But then came that day at Aintree in mid-July. The humble driver would earn a shared victory while still recovering from terrible wounds from Le Mans. What is incredible about that weekend is the fact that he would show up from the hospital and would go out and earn a front row starting spot.
The 1957 season would be very special, but it would not allow Brooks' talent to shine like what 1958 would. Fully healed, the man from Dunkinfield could truly show his worth. He would capture some attention after he started the Monaco Grand Prix from on pole, but then there would be the Belgian and German grand prix.
At Spa, Brooks would disappear into the distance and would demonstrate absolute control when he took the lead for good from Peter Collins on the 4th lap of the race. Then, at the German Grand Prix, Tony would come back from a poor start to absolutely blow by Mike Hawthorn and Peter Collins to take over the lead. The pace Tony would apply would be so surprising that it would force Peter Collins to take ill-advised chances and it would eventually result in his death after he failed to negotiate a blind right-hander. His dander was up as he pursued Brooks to retake the lead he had enjoyed for more than a few laps. Brooks' perhaps most dominant performance of his Formula One career would be overshadowed by the death of his fellow Brit.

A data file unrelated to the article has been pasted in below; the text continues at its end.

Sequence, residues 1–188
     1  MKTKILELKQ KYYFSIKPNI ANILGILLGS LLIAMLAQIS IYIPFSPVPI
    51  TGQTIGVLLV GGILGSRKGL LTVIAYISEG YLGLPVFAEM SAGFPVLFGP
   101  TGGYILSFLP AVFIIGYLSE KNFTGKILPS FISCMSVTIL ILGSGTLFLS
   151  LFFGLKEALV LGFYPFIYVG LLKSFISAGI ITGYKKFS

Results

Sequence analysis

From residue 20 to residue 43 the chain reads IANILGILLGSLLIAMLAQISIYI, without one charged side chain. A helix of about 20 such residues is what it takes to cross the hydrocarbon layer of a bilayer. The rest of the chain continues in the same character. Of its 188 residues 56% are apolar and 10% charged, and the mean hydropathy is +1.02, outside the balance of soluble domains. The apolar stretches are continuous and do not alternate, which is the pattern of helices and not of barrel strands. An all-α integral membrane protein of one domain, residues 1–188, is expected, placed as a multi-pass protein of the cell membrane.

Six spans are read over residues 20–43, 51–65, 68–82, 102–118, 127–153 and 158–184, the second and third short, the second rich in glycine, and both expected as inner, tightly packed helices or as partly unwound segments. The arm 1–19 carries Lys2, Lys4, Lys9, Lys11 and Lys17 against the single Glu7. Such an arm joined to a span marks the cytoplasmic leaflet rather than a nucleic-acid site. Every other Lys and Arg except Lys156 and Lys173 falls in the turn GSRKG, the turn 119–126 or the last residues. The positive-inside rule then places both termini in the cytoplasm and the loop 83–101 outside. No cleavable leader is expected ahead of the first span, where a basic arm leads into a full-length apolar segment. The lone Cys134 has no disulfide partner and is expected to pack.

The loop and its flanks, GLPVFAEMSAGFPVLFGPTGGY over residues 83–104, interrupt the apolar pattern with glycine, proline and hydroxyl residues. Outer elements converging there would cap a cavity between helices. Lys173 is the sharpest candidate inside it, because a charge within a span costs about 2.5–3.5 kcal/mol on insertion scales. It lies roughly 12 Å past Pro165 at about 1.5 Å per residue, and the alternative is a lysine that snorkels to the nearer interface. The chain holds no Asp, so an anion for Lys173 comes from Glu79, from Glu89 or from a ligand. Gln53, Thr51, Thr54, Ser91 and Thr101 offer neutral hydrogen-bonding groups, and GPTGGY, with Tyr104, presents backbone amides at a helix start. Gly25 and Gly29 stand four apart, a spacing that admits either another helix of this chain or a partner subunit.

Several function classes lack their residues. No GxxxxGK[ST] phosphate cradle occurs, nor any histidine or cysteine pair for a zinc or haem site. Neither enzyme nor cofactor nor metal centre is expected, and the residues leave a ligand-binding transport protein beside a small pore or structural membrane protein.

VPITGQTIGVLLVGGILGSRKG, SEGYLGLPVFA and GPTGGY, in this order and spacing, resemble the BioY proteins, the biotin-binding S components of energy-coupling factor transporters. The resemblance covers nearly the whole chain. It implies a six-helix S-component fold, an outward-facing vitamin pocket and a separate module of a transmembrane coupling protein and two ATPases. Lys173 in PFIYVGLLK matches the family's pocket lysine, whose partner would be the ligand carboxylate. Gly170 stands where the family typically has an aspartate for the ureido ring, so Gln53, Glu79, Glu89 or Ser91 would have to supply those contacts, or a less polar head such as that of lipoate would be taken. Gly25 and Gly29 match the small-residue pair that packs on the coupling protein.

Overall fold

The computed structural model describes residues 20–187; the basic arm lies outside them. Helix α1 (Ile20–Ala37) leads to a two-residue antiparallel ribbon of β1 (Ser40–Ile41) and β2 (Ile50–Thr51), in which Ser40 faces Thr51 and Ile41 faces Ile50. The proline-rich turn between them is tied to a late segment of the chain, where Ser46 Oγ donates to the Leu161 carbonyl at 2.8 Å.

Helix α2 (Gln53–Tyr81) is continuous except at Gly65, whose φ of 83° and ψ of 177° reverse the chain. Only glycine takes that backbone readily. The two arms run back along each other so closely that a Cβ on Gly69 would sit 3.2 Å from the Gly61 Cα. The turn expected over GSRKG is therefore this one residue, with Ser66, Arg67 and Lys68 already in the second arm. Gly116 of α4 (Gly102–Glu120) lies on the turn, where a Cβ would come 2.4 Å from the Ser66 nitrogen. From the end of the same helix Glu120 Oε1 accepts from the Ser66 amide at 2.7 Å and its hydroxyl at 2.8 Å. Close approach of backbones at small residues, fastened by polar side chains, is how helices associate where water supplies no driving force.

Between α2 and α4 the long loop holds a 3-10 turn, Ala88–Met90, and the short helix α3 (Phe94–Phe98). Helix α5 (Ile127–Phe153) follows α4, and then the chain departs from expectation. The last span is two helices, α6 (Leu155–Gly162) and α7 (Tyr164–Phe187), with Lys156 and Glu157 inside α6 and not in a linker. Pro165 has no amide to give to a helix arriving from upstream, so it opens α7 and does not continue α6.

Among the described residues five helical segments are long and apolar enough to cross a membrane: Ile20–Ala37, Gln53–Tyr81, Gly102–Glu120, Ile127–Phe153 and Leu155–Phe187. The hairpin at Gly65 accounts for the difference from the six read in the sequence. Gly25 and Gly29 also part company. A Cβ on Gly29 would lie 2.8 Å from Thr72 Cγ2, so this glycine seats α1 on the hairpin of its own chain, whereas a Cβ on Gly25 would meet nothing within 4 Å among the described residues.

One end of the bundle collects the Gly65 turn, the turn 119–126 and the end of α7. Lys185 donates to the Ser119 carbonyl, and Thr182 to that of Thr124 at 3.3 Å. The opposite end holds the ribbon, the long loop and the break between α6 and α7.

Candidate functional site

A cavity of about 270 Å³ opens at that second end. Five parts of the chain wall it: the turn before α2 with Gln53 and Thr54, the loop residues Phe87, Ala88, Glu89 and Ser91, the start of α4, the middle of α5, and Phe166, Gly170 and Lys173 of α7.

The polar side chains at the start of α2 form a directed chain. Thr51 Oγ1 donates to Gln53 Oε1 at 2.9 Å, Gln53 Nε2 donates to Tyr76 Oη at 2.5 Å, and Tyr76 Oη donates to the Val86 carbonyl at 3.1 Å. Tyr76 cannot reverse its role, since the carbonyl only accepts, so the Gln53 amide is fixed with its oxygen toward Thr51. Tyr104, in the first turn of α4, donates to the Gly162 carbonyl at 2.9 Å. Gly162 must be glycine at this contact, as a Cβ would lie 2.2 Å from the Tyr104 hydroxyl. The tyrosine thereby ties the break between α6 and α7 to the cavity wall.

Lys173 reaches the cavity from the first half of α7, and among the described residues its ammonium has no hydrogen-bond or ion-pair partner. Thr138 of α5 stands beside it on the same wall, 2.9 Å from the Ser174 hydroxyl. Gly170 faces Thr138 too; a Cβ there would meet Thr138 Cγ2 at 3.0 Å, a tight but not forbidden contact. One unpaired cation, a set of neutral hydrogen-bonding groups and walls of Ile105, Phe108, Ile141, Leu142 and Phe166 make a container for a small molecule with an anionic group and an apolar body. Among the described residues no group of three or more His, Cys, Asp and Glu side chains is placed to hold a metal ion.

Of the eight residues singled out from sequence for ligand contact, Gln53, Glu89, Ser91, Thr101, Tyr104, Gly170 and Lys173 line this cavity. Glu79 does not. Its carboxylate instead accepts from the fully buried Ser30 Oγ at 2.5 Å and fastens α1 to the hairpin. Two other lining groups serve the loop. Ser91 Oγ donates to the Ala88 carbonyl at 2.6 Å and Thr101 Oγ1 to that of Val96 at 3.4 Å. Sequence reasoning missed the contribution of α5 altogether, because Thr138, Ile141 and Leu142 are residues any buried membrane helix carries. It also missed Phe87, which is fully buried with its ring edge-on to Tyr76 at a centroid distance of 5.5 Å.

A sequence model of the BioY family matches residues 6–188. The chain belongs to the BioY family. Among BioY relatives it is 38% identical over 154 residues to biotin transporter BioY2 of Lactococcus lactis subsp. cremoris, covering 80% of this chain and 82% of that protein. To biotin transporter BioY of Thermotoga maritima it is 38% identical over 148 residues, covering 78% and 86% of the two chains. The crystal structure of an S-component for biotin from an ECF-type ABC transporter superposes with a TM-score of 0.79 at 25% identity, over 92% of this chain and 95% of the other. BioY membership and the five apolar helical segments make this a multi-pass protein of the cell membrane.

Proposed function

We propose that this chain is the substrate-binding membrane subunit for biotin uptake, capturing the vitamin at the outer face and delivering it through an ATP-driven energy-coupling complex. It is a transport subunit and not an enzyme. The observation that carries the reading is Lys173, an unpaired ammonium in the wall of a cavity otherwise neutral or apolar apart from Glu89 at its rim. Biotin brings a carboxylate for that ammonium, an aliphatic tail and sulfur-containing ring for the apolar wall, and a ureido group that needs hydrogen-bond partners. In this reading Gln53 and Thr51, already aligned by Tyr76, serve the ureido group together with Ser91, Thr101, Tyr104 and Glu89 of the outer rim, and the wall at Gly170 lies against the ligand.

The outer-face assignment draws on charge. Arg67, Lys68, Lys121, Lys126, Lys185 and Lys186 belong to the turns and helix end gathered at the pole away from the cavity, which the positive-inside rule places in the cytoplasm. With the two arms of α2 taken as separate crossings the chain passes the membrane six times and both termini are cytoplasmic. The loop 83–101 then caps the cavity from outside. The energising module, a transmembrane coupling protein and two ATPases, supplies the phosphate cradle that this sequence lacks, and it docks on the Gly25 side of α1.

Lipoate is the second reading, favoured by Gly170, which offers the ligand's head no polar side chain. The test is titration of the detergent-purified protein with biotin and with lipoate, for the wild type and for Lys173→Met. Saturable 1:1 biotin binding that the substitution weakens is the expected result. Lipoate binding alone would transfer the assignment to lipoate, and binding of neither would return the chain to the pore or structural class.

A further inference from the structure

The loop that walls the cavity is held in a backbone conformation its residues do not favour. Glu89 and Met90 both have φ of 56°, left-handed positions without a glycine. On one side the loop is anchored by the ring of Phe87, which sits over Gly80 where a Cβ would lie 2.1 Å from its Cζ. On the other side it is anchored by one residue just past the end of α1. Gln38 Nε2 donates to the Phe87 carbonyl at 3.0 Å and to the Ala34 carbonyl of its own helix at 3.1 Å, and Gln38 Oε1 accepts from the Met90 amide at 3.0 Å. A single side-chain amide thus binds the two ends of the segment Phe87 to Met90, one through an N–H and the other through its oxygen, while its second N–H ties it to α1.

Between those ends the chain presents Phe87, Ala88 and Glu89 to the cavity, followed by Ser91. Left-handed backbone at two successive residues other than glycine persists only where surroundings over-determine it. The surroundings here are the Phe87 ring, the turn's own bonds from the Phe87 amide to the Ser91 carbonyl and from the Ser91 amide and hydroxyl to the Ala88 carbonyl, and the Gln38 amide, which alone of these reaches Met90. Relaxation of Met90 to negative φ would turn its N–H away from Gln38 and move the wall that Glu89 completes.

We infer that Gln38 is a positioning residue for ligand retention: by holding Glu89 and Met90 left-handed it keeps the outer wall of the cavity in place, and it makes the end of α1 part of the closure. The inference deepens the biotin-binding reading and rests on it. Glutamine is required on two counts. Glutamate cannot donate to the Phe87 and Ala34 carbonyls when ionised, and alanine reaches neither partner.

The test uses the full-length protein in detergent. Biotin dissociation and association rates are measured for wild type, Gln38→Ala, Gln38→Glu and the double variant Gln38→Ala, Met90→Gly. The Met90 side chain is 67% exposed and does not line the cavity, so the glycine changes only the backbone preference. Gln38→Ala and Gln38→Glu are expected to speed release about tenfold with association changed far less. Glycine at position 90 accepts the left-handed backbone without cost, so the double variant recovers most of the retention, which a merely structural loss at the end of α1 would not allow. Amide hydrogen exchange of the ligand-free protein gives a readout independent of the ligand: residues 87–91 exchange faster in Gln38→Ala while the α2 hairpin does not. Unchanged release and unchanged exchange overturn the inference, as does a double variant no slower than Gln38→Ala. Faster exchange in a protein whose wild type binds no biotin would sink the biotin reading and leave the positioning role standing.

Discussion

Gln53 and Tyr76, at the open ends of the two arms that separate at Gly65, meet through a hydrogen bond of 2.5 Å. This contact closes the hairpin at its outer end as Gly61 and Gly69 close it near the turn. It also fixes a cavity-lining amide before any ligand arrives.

After victory in the Italian Grand Prix, his third of the season, Tony would finish the season in 3rd place in the championship standings. When combined with victories in sportscar races at the Nurburgring and two at Spa, it is immediately understandable how Brooks would be held in such high esteem by his fellow drivers.
Things would only get better for Brooks in 1959. Vandervell's withdrawal from Formula One would open the door for Brooks to get a drive with none other than Scuderia Ferrari. He would take advantage of this opportunity immediately by finishing 2nd in the Monaco Grand Prix. He would then earn victories in the French and German grand prix. A 3rd place in the United States Grand Prix at the end of the season meant Tony finished the year 2nd in the drivers' standings.
The victory in the German Grand Prix in 1959 would be a special moment in Brooks' career. First of all, the race would mark a special occasion as it would take place on the AVUS circuit situated in West Berlin. It was just the second time since 1926 that the German Grand Prix had not been held at the Nurburgring. Furthermore, the victory would come following Tony starting from pole and setting the fastest lap of the race. And, finally, it gave Tony back-to-back victories in the German Grand Prix, and at two different circuits. Incidentally, Stirling Moss would also end his career without a World Championship, and, he would never achieve two victories in the German Grand Prix. Thus, Tony's reputation is well-deserved.
Following the runner-up result in 1959, Tony would leave Ferrari to drive a Cooper. Over the course of the 1960 season, he would come away with three top five finishes, but would never set foot on the podium. In fact, he would not set foot on the podium again until his final year and in his final race.